The rise of the mega-own-brand

The Christmas figures are in, and it’s not a pretty sight when you’re a retailer. Except for Tesco and Selfridges, most retailers in the UK had their worst Christmas in a decade.

Yet, this does not mean retail is dead. The growth of own label has been a veritable phenomenon. Once a low brow, copycat operation in the 1970s and 1980s, it has become a multi-layered offering for almost every major retailer. Just because it is familiar doesn’t mean it has reached its full potential, however. There is still more that can be done, so long as any further development is imbued with purpose and meaning.

Own label across Europe is increasing its share and outperforming brands in most European markets. According to the IRi report from last October, own label shows over 4% growth year on year, whilst its share in value reached 39.4% across major Western markets (UK, France, Germany, Greece, Italy, Spain, Netherlands).

With consumers now happy to buy own label in most categories and fast-growing Lidl and Aldi completely own label, the question is what the future holds for many once loved but sometimes unexciting brands. Why buy Bird’s Eye over Tesco’s frozen fish?

Consolidation across the nation

Own label will peak some time – possibly sometime soon. Yet there is a change in the retail landscape that offers one more big win, and that’s through consolidation. In the UK, for instance, Sainsbury’s and Argos share products, whilst they are also planning to hook up with ASDA. Elsewhere, Carrefour, one of the largest retailer in the world, now owns chains across the globe. Belgium’s Delhaize has joined forces with The Netherlands’ Ahold; both have interests across Europe and the USA and make up an own brand market worth €21M.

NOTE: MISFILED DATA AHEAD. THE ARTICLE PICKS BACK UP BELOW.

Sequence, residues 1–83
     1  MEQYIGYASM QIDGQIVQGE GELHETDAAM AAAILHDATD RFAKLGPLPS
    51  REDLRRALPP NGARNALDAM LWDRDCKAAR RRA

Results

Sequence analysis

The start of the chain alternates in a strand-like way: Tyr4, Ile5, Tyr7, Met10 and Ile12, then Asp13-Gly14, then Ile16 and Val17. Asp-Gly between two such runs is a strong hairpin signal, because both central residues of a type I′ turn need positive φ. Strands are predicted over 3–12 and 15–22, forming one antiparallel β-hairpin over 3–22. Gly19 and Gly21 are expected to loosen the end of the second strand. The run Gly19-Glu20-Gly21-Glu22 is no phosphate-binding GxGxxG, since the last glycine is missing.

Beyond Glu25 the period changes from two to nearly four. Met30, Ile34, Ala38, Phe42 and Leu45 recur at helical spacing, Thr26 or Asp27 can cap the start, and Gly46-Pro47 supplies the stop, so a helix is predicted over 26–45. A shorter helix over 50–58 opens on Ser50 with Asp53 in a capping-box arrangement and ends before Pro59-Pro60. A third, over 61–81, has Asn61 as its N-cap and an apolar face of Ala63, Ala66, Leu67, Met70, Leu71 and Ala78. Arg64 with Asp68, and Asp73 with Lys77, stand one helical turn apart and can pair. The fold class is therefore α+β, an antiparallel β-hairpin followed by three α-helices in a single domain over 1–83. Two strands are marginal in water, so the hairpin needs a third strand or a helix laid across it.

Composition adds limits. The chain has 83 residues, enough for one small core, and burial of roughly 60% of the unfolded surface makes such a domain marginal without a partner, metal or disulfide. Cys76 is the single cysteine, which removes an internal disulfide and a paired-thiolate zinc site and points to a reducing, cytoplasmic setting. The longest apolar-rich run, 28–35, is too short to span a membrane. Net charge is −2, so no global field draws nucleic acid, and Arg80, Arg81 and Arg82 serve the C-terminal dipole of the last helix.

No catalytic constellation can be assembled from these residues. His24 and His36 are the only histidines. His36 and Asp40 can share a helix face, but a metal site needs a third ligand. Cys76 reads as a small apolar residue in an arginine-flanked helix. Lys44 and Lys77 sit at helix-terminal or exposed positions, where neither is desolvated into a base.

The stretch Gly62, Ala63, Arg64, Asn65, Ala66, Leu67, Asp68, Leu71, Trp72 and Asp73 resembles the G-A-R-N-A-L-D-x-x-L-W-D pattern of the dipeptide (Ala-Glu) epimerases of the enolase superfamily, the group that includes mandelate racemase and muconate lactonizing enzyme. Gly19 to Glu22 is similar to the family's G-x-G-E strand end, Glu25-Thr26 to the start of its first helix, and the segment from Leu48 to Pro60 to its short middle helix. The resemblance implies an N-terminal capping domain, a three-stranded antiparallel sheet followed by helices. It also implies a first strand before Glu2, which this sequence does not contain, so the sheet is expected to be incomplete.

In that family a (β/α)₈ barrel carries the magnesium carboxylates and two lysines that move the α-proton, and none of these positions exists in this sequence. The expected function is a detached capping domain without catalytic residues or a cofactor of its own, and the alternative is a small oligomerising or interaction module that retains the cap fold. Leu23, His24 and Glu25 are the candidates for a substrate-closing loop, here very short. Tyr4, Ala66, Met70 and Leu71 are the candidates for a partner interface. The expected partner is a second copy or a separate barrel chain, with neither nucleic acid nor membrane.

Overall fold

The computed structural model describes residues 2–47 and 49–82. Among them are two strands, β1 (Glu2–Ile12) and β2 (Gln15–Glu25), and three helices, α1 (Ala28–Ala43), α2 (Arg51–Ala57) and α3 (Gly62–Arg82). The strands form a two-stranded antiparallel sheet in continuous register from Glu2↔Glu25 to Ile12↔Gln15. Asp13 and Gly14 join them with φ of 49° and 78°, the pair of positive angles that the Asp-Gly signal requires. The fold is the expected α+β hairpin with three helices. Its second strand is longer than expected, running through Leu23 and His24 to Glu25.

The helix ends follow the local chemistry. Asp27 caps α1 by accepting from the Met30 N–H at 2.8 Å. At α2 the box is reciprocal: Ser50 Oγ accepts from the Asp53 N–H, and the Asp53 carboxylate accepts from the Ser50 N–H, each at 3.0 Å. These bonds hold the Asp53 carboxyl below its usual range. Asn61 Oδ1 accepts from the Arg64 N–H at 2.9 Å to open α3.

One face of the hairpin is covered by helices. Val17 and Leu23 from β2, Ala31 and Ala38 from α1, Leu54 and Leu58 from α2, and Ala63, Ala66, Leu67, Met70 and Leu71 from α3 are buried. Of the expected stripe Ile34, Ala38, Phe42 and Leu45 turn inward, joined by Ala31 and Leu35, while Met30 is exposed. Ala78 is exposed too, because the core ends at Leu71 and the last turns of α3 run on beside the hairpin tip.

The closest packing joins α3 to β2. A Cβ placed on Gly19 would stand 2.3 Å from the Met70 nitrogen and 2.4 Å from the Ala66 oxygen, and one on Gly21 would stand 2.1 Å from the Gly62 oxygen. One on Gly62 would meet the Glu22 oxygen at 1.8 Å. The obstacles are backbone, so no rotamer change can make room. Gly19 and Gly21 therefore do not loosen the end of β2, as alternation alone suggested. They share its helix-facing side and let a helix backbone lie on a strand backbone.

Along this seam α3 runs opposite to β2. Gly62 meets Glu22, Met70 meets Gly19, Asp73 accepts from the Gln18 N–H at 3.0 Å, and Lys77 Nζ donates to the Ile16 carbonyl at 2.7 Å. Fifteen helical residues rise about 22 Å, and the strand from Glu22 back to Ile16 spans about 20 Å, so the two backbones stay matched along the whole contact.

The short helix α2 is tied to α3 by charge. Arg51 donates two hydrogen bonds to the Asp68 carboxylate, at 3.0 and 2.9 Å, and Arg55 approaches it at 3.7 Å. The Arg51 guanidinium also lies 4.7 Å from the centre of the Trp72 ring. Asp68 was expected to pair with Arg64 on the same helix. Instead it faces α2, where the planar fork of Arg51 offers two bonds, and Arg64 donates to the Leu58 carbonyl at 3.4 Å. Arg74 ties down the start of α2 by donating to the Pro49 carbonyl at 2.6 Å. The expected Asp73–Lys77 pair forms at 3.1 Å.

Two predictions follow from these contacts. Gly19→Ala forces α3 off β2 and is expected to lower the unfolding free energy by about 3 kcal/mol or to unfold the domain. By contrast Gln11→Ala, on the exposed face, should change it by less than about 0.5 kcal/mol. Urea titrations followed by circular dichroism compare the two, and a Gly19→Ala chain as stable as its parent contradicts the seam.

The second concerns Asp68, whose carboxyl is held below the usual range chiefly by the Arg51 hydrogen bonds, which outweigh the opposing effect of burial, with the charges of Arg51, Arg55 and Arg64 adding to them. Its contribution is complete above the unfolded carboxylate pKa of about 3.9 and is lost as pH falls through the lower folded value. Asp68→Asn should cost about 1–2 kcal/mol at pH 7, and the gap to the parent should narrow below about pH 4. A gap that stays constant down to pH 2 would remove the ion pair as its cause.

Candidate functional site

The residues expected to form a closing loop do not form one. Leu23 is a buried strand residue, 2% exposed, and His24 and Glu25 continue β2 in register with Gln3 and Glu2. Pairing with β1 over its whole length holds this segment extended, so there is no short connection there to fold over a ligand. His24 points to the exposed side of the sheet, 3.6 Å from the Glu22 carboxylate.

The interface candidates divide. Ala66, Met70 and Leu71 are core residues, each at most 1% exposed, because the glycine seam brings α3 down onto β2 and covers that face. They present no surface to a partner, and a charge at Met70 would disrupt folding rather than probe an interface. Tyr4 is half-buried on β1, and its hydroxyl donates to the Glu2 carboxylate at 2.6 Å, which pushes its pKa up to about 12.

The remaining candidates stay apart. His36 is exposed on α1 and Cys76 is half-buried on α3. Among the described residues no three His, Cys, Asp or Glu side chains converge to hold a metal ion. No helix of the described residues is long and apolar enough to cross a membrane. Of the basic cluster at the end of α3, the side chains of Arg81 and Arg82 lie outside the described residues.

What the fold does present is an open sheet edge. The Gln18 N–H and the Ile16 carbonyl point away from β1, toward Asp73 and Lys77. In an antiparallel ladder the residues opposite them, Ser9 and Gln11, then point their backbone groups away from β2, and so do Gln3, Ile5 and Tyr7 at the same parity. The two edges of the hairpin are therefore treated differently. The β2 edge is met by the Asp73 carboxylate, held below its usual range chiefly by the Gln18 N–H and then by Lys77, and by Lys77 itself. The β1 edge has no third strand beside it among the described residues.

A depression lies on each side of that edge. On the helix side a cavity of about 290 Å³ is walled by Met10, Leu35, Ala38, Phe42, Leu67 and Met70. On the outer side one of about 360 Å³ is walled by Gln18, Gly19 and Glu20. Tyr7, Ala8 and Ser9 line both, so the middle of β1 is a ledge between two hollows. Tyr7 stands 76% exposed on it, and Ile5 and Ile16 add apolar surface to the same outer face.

Consolidation also affects own label. Value brand Euroshopper, for example, was available in Esselunga (Italy), Ahold (The Netherlands, Belgium and Germany) and Morrisons (UK), but is slowly being phased out. In the US, meanwhile, own label SE Grocers is available in Southeastern Grocers’ four-strong portfolio of branded stores.

From own label to own brand

All these retail mergers are primarily about simplicity and cost reduction, of course. Yet they also offer a chance to build hugely powerful worldwide own label brands. If retailers could navigate through cultural differences they could create larger, own brands across multiple store brands and markets.

Currently almost none of the own label seem to mean as much to consumers as they could do. But with consumer-led strategic thinking, building a purpose for these mega-own brands, they could grow further at the expense of laggard global brand owners.

Own brands for a better planet

Another great opportunity from creating expansive own brands on this scale is the positive inroads that could be achieved tackling over-packaging. Since retailers don’t own factories, they could blaze a trail by demanding their suppliers completely rethink their use of plastics and the disposal of packaging waste as increasingly powerful global brands make sustainability the centrepiece of their activities.

Already, Kingfisher – the owner of DIY stores across ten countries under the B&Q, ScrewFix, Castorama, Brico Depot and Koçta? brands – is moving towards ‘One Kingfisher’. Many of their own brand products on sale will be sold under the GoodHome brand, which directly reflects Kingfisher’s commitment to sustainability.

This could be the dawning of another retail revolution: the arrival of the mega-own-brand.

 

Author: Wybe Magermans – Managing Director

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